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In situ, high resolution measurement of dissolved sulfide using diffusive gradients in thin films with computer-imaging densitometry.

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<mark>Journal publication date</mark>1/06/1999
<mark>Journal</mark>Analytical Chemistry
Issue number11
Number of pages6
Pages (from-to)2186-2191
Publication statusPublished
Original languageEnglish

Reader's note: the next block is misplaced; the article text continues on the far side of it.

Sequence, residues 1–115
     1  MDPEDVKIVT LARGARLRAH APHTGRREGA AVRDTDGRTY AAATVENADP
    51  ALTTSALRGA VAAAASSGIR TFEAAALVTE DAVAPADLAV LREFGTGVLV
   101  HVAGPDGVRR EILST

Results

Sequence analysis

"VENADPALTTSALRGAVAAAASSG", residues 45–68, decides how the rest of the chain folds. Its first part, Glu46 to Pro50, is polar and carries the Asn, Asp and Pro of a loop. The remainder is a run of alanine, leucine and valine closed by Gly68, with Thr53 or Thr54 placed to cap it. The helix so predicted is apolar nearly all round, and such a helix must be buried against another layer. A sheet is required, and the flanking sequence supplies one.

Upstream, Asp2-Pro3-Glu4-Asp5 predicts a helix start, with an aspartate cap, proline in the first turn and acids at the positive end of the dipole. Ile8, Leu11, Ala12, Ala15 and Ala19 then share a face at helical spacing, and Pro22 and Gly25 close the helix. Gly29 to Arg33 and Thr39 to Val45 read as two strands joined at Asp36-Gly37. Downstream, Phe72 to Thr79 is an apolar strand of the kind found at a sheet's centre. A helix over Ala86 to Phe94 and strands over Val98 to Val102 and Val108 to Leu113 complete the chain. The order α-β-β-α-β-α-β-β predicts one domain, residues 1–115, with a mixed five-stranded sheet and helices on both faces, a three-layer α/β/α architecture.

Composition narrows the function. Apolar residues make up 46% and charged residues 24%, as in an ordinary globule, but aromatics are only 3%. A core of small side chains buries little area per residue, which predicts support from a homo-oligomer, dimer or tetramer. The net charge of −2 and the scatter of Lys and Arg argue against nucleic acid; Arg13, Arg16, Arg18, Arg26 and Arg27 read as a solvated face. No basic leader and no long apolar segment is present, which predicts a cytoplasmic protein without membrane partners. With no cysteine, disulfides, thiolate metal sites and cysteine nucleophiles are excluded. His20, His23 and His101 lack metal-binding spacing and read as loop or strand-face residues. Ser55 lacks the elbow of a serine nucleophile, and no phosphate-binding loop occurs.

The technique of diffusive gradients in thin films (DGT) has been developed for the measurement of dissolved sulfide. Sulfide species from the sampled waters diffuse through a polyacrylamide hydrogel and then react with pale yellow AgI(s), incorporated at the surface of a second gel, to form black Ag2S(s). The accumulated sulfide can be measured with a conventional purge-and-trap method followed by colorimetry (methylene blue). This enables the dissolved-sulfide concentration to be calculated under suitable conditions. Alternatively, the color change in the accumulating gel can be used to measure sulfide. A conventional flat-bed scanner, allied to imaging software, provided a densitometric measurement that was quantitatively related to the amount of sulfide accumulated. DGT measurements on synthetic solutions accurately determined the sulfide concentration (95% recovery), thereby confirming the unobstructed diffusion of HS- through the gel. The accumulated mass was inversely proportional to the diffusion-layer thickness as theoretically predicted. With the selected geometry, the limit of detection of the densitometric procedure for a 24-h deployment was 0.13 μmol L-1, and the maximum concentration measurable was 60 μmol L-1. When used in anoxic lacustrine waters, DGT provided sensible concentrations. It was also used to measure depth profiles at submillimeter resolution in estuarine surface sediments.